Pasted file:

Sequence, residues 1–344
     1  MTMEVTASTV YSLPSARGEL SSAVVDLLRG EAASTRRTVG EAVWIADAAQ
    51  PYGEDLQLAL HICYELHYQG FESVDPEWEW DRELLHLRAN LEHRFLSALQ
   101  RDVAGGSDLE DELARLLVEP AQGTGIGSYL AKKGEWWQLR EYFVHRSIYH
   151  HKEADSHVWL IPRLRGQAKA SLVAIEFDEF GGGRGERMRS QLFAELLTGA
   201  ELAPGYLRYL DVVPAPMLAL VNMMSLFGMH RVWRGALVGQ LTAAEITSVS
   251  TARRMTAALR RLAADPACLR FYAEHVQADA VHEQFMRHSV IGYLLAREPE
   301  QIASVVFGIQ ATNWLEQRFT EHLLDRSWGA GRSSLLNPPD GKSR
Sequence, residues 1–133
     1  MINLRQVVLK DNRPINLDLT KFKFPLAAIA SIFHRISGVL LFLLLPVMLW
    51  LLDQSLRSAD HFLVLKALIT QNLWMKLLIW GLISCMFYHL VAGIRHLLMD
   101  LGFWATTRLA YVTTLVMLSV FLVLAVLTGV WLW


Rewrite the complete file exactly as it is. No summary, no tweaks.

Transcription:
Sequence, residues 1–344
     1  MTMEVTASTV YSLPSARGEL SSAVVDLLRG EAASTRRTVG EAVWIADAAQ
    51  PYGEDLQLAL HICYELHYQG FESVDPEWEW DRELLHLRAN LEHRFLSALQ
   101  RDVAGGSDLE DELARLLVEP AQGTGIGSYL AKKGEWWQLR EYFVHRSIYH
   151  HKEADSHVWL IPRLRGQAKA SLVAIEFDEF GGGRGERMRS QLFAELLTGA
   201  ELAPGYLRYL DVVPAPMLAL VNMMSLFGMH RVWRGALVGQ LTAAEITSVS
   251  TARRMTAALR RLAADPACLR FYAEHVQADA VHEQFMRHSV IGYLLAREPE
   301  QIASVVFGIQ ATNWLEQRFT EHLLDRSWGA GRSSLLNPPD GKSR
Sequence, residues 1–133
     1  MINLRQVVLK DNRPINLDLT KFKFPLAAIA SIFHRISGVL LFLLLPVMLW
    51  LLDQSLRSAD HFLVLKALIT QNLWMKLLIW GLISCMFYHL VAGIRHLLMD
   101  LGFWATTRLA YVTTLVMLSV FLVLAVLTGV WLW